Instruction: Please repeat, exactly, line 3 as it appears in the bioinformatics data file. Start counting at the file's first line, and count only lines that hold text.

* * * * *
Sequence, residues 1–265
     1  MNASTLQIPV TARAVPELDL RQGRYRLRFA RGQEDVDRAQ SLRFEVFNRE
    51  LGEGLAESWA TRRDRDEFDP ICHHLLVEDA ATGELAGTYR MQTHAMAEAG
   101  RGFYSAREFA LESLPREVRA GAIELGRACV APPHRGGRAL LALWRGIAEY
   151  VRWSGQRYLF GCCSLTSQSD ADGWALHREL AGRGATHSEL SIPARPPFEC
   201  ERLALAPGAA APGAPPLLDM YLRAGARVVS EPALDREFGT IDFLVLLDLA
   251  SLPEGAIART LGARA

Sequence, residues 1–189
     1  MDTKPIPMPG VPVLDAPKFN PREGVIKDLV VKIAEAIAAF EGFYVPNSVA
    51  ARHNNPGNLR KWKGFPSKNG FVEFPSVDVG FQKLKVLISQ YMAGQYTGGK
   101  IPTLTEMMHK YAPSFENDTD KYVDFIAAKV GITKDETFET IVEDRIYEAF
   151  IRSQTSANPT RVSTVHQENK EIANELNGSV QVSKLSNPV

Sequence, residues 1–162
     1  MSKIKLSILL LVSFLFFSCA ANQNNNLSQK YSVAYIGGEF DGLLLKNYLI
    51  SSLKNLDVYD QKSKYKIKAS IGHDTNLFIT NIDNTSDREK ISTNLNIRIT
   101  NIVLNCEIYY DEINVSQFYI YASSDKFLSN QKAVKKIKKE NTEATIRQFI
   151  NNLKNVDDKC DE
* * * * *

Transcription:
    51  LGEGLAESWA TRRDRDEFDP ICHHLLVEDA ATGELAGTYR MQTHAMAEAG